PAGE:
Theory of a Dead Man, Young Rebel Set, Puddle of Mud, Limp Bizkit, Kevin Federline. These are some of the only bands who released albums this year that have an aggregated score lower than Lou Reed and Metallica’s ambitious and unsightly Lulu. But before we unshackle Lou Reed and Metallica from the gallows located in the internet’s town square, we sought out various writers’ similes — the most dubious and snarky of all literary devices — regarding the collaborative clusterfuck.
Lulu is like a bad haircut: it makes you want to blow your head off.
– Shane Mack, Tiny Mix Tapes
Lulu sounds like my little brother’s garage band finally fell for that senile old poet’s “Hey boys, I have some lollipops” bribe.
– Ray Roa, Suburban Apologist
Listening to Lulu is like watching The Challenger take off.
– Kenny Bloggins, The Decibel Tolls
To borrow from Seinfeld, Lulu is like listening to an old man trying to send back soup at a deli while a radio in the background plays a cut from Death Magnetic.
– Dan Reilly, Spinner
Like the chugging wheeze of an irony-clad, bile-powered locomotive.
– Andrew Flanagan, The Daily Swarm
It sounds like your drunk uncle boasting about his sexcapades during the War, as the radio from the garage bleeds into the “conversation,” and all you wanted was a pleasant Thanksgiving for once, foronce in your adult life, dammit.
– Katie Hasty, HitFix
Lulu is like Songs For Drella plus electric guitars minus any subtlety or nuance or any sense of an emotional core. It’s not as bad as people say it is, but it ain’t good either. It’s biggest crime is in just being boring.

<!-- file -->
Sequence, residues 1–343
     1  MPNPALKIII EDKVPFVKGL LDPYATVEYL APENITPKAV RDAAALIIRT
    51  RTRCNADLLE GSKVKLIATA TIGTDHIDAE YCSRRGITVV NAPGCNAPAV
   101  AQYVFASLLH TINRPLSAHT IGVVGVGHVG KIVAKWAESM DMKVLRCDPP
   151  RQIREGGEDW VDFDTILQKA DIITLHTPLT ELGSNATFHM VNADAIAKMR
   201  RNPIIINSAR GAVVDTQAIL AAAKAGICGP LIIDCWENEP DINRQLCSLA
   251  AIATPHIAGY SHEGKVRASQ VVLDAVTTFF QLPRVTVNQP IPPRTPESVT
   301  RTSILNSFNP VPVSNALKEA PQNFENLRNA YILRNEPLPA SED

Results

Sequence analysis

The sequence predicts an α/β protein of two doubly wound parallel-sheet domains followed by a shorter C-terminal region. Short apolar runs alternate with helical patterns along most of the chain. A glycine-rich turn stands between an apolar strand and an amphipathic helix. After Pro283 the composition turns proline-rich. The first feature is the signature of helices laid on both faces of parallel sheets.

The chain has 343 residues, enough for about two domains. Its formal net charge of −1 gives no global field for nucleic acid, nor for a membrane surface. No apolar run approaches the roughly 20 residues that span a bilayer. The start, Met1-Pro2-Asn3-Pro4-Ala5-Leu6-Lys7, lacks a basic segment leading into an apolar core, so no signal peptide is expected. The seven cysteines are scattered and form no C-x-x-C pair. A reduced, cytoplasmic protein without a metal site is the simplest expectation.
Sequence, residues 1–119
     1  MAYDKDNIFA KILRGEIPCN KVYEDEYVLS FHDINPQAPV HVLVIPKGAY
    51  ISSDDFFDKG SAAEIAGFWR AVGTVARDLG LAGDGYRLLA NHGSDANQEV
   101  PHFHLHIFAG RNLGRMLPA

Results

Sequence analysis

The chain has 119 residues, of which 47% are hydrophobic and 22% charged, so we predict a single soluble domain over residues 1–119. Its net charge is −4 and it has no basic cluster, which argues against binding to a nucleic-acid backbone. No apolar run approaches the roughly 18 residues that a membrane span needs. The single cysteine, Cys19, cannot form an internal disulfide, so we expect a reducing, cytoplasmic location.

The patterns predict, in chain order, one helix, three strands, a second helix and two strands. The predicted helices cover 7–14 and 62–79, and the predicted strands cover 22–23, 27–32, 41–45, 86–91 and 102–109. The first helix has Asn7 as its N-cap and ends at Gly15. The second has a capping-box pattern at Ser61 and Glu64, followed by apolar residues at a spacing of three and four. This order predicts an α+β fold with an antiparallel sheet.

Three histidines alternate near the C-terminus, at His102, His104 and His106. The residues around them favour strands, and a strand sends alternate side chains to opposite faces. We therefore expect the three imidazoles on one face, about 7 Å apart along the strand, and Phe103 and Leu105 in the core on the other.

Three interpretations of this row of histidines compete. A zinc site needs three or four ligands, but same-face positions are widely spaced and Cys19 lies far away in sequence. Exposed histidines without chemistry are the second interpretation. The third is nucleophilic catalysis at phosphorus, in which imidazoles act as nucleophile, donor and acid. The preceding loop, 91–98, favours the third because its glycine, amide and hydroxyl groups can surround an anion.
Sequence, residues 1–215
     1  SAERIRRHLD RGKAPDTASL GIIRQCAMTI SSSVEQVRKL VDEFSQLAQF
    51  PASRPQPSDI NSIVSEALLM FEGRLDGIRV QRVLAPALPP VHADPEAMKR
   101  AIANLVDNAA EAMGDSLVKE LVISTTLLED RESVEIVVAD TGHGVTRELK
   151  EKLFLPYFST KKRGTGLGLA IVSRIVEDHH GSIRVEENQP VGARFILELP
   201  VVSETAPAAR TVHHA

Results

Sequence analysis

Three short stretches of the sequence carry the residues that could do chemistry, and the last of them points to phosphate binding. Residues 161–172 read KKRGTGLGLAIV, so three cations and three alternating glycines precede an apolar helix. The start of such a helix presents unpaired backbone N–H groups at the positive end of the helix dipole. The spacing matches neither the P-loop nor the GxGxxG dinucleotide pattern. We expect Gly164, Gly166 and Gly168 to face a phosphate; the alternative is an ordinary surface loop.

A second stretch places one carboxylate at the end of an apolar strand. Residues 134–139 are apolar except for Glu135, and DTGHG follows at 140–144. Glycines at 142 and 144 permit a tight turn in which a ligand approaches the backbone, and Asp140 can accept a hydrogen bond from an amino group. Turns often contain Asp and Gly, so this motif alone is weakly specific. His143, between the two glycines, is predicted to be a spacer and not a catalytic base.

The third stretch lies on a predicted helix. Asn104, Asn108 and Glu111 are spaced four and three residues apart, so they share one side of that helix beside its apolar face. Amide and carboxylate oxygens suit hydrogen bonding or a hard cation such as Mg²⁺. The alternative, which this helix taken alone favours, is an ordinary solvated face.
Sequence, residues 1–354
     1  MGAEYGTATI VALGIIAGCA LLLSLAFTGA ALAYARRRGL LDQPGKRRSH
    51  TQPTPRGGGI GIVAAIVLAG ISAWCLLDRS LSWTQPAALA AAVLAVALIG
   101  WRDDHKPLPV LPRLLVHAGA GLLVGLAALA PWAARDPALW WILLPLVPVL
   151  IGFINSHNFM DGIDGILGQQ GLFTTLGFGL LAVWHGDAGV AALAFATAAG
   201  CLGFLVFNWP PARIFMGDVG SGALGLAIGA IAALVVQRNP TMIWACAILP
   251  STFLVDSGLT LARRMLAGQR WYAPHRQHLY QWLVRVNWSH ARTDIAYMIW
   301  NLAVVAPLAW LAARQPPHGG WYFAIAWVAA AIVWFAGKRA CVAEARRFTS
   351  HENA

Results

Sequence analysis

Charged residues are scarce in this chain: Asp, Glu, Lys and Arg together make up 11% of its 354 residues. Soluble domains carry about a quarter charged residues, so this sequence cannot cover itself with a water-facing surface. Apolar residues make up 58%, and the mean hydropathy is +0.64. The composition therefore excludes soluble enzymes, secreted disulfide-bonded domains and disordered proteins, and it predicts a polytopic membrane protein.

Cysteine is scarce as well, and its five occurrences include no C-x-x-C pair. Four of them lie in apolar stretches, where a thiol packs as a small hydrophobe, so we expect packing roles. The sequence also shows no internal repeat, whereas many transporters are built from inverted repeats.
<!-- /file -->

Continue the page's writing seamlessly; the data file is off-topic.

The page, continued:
Lulu is as enjoyable as trepanning and caresses the ears like the bug placed in Chekov’s ear in Wrath of Khan.
– Mikala Taylor, The Backstage Rider
Listening to Lulu is like eating sand and washing it down with saltwater. It’s the audible form of extreme dehydration.
– Zach Hart, We Listen For You
I read a really great article earlier this year, back around the beginning of baseball season, about the art of throwing batting practice in the Major Leagues. It focused on St. Louis Cardinals first base coach and regular BP pitcher Dave McKay, who’s performed the task for everyone from Mark McGwire and Albert Pujols to… well, lots of people no one’s ever heard of. It goes into what makes someone good at it–the ideal arm angle and release point, the ideal location for each pitch, and the importance of consistency. The goal, essentially, is to throw time and time again what in a game situation would be the worst possible pitch, but in batting practice lets the hitter take stock of his fundamentals–his mechanics, his timing–and it allows everyone around him to spot flaws and gauge the potential of the hitter. Lulu is like the perfect batting practice pitcher, but for rock critics.
– Mike Conklin, The L Magazine